My Days and My Ways
CHAPTER TWENTY-SIX: Polemics: David King.
I remained on The Birmingham Daily Post for about 15 or 16 months –from the middle of 1864 to well on in 1885. During this time I brought out the first two volumes of The Ambassador –in monthly numbers of 16 pages each –mixing up the writing and proof reading often with my newspaper work. It was a poor affair, looking back upon it; but it was the germ of what came after. This that came after has never been anything to think of with particular satisfaction; but such it has been, it came out of the lean, bald, and ungarnished; crude, raw, and impulsive monthly effort of 16 pages of heavy article in long primer, brevier, and nonpareil put forth at a time when no one seemed to care for Zion, but everyone put forth what talent they had with secular and personal objects. To everything there must be a beginning, and a great deal is done when a start is made, provided there is any power of continuance behind –which I greatly doubted in this matter.
I relied chiefly on the progressive exposition of the first principles of the truth for keeping up a supply of editorial matter from month to month. As a foundation for this, I drew up and published in the first number a series of over 20 propositions under the heading “The things concerning the Kingdom of God and the name of Jesus Christ,” undertaking in future numbers to “systematically expound the elements of truth comprised in this important phrase.” My first decided snub arose out of this proposal. I was formally charged with presumption in undertaking to “systematically expound” Bible truth. What right had I to “systematically expound” anything?
The challenge was from a professor of Bible truth for whom, in my juvenility, I had nothing but feelings of profoundest respect, and for countenancing whom in the list of names appearing at the close of the first edition of Twelve Lectures, I had received such a smart rap from Dr. Thomas –as stated in a previous chapter. I felt the challenge was quite unreasonable. I had embraced the truth of God, which was free to all, and it seemed to me the merest matter of course that I should do the utmost I could for its diffusion, as I expected every one else to do in a similar position, and which I felt nobody could do me a better turn than by doing. This rude growl was therefore unintelligible to me.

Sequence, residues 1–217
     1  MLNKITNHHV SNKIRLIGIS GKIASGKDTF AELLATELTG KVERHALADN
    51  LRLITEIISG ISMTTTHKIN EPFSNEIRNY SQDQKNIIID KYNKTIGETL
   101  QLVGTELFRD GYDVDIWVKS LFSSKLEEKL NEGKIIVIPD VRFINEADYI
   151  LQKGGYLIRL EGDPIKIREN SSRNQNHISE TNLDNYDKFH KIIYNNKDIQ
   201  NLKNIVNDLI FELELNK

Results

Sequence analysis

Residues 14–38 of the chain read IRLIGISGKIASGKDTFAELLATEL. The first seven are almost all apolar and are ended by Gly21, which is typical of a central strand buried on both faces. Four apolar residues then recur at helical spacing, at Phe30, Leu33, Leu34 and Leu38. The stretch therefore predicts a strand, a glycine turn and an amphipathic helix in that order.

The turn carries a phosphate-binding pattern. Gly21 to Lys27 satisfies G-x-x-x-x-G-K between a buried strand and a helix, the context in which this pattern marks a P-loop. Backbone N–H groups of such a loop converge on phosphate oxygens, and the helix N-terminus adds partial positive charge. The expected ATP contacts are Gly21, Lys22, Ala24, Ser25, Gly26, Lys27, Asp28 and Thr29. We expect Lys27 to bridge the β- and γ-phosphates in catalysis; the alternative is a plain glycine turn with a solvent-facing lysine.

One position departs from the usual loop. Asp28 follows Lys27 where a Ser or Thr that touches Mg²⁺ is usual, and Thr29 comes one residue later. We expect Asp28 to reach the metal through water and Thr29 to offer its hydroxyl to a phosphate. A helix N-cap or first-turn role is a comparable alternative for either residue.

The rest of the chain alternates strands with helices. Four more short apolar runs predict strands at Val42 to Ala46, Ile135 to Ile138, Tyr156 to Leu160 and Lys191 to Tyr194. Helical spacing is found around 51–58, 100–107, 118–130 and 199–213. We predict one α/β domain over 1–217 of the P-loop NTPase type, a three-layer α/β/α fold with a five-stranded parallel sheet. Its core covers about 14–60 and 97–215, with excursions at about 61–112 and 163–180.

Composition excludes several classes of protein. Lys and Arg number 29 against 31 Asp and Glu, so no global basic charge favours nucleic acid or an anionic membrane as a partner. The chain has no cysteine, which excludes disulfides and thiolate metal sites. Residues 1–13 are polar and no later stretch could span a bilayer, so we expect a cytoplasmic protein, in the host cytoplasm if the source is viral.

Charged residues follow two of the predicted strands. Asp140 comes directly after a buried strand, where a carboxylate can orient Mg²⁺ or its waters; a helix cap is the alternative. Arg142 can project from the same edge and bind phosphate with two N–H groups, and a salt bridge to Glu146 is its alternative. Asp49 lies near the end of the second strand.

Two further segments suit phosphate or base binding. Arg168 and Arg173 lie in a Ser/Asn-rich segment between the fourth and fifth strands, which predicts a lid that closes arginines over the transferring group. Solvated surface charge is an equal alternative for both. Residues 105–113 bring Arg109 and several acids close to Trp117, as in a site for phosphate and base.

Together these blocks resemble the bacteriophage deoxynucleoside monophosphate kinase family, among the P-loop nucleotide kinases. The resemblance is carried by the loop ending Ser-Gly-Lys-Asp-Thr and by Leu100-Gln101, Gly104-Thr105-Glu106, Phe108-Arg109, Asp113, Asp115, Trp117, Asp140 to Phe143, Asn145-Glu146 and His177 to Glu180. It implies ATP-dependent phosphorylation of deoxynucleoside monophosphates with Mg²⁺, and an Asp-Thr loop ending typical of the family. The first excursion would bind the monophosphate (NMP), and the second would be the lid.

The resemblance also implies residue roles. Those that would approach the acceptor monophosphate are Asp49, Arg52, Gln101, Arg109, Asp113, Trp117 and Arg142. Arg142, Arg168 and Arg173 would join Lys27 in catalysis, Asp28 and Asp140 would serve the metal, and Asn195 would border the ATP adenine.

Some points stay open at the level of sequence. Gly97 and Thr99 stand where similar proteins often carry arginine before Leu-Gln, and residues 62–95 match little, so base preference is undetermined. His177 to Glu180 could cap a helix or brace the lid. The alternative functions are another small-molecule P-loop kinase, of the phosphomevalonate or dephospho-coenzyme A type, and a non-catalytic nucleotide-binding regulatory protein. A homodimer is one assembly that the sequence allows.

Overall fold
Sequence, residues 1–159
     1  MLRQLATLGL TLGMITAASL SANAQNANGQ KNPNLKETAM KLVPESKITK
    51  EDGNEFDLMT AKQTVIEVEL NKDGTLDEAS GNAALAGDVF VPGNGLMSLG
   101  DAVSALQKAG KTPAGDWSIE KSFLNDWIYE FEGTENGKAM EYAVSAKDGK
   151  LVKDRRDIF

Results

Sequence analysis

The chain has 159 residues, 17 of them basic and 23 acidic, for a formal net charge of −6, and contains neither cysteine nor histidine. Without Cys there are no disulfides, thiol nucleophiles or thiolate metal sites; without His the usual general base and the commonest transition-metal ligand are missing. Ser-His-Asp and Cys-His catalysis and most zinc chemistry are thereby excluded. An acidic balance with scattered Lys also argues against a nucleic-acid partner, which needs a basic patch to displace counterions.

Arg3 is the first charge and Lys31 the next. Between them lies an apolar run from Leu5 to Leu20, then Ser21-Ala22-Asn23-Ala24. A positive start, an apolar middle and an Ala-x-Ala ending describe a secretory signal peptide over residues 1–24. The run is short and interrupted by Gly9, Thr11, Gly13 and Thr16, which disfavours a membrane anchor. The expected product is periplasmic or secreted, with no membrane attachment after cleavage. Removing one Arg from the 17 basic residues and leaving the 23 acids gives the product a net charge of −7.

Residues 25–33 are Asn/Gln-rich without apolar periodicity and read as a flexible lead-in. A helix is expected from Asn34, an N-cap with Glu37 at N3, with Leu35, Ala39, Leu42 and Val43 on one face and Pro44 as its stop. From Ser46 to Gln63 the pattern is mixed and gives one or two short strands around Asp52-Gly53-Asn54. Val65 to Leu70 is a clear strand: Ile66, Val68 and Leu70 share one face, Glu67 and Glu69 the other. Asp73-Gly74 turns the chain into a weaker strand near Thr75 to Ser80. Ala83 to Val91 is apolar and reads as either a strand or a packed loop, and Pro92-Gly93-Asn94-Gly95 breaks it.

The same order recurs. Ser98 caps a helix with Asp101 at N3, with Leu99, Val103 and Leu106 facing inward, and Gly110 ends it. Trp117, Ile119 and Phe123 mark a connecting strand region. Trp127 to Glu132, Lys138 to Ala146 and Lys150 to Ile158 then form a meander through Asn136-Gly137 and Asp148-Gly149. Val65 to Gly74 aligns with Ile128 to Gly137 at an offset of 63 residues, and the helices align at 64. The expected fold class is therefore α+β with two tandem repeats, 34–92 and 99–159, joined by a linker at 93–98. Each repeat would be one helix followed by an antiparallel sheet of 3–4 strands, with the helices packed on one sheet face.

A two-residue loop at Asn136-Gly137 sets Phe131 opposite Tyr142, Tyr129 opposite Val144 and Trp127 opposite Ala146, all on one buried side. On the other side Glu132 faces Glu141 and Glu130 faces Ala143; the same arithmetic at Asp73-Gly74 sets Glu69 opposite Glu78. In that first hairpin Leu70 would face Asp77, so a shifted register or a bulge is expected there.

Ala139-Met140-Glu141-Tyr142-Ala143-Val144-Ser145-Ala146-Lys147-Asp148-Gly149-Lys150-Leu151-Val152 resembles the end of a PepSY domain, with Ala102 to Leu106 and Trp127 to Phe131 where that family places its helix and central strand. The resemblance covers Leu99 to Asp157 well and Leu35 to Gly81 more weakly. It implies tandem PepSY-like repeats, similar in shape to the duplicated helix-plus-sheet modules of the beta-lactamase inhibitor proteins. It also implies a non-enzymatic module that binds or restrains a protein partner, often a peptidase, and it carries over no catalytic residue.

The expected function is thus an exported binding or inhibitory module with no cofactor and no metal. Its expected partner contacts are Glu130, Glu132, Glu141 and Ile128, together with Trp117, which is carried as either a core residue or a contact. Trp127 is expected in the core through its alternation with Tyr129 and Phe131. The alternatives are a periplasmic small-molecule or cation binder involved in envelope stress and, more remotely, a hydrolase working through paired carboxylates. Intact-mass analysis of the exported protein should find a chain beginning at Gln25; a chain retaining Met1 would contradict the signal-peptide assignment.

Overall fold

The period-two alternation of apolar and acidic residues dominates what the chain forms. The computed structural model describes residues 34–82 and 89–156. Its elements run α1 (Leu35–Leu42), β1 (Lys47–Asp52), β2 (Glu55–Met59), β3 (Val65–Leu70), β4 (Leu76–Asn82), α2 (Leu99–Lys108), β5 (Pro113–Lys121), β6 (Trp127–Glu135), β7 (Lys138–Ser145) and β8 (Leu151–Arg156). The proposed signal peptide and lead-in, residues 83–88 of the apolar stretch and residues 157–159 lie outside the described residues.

But I lived to understand matters a little better afterwards. The emitter of the said growl became an enemy of Dr. Thomas and the inventor and purveyor of various half-fledged crotchets, which acted as an obstacle to the currency of the delightful unsophisticated truth. His chief bane lay in a turgid intellect, of some vigor, combined with an active sense of self-importance, which is fatal to all true spiritual life. I have suffered much in my time from this type. When men are “lovers of their own selves,” everything they handle catches the ignoble bias. The best work shines with a yellow light in their hand. Or is it green? They suspect other men of their own infirmity. They cannot understand disinterested service. They cannot see things except through the diffracting and discolouring atmosphere of their own jaundiced state of mind. It may be a while before the disease is declared. They may run well to all appearance for a while. But sooner or later the bread comes, and lo, there is a frowning and intractable diabolos where imagination had pictured the features of an angel. The diabolos in the case of the growl referred to has vanished into the invisible –the hades where all diabolism will at last disappear. Some lovers of God are left in the land of the living: but of the other sort there is still an abundant supply, which will continue to be the case till the grand holocaust that awaits the devil and his angels. I used to think Dr. Thomas too severe and too suspicious. It is the mistake of all children till bitter experience makes them finally aware of the sort of world they are living in.